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July 23, 2021 | Press Releases

Steube Leads Florida Delegation in Defending Lake Okeechobee and Agriculture Communities After U.S. Army Corps LOSOM Announcement

WASHINGTON, D.C. – U.S. Representative Greg Steube (R-Fla.) led several Florida colleagues, including U.S. Representatives Mario Diaz-Balart (R-Fla.), Kat Cammack (R-Fla.), Byron Donalds (R-Fla.), and Daniel Webster (R-Fla.), in sending a letter to Colonel Kelly and the U.S. Army Corps of Engineers following their selection of Preliminary Preferred Plan CC for the Lake Okeechobee System Operating Manual (LOSOM) update.

“More than 7 million Floridians and thousands of businesses tied to tourism, agriculture, healthcare and construction depend on water supply from Lake Okeechobee, and expected that LOSOM would result in a plan that meets the water supply purpose by restoring the water supply purpose by restoring the water supply performance that existed prior to the current schedule,” Steube wrote. “In addition to seeking assurances from the U.S. Army Corps of Engineers that the Preliminary Preferred Plan CC can be optimized to meet the lake’s project purposes, we are also concerned that without such changes, Plan CC will result in significantly higher volumes of harmful Lake Okeechobee discharges to the Caloosahatchee River.”

Earlier this month, Steube delivered remarks at the South Florida Water Management District (SFWMD) Governing Board meeting on LOSOM and urged more serious consideration of the negative impact Plan CC would have on Lakeside communities and Florida’s thriving agriculture industry.

Plan CC includes a proposal to lower Lake levels. As Steube has pointed out in the past, this would have significant detrimental effects for millions of Floridians, especially those in Lakeside and agriculture communities.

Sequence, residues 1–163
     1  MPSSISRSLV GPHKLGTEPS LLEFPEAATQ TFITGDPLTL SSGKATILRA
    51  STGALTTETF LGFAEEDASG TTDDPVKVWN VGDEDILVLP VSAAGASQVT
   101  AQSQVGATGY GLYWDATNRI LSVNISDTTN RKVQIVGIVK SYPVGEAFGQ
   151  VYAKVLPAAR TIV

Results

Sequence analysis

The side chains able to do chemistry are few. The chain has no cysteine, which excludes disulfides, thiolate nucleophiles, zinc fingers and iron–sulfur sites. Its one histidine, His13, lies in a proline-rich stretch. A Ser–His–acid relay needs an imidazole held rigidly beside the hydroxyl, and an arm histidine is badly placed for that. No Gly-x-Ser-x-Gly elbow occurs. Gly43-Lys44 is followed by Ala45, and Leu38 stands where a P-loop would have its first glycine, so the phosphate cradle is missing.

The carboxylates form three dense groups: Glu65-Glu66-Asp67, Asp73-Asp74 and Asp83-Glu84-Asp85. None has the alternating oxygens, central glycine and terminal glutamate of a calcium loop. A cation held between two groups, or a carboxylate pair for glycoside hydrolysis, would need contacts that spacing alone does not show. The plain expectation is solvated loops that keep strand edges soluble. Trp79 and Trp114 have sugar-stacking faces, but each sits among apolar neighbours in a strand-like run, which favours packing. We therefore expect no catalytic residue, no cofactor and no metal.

The 17th Congressional District is home to the most citrus producers in the entire country. Many of these groves are located near Lake Okeechobee and rely on the Lake’s water for crop production. Additionally, if Lake levels are drastically lowered, more frequent closures of locks and navigation routes are possible. This would unfairly disadvantage the Lakeside communities that rely on access to the Lake.

Steube has long supported a science-based approach to updating LOSOM and advocates for working with all groups, including those Lakeside and in Florida’s robust agriculture industry, to find a solution that benefits all stakeholders. In June, Steube wrote a letter to the U.S. Army Corps of Engineers urging against lowering the Lake levels due to concerns over the negative effects on agriculture and the environment. In his letter, he also warned against politicizing the LOSOM update process.

The full text of the letter can be found here.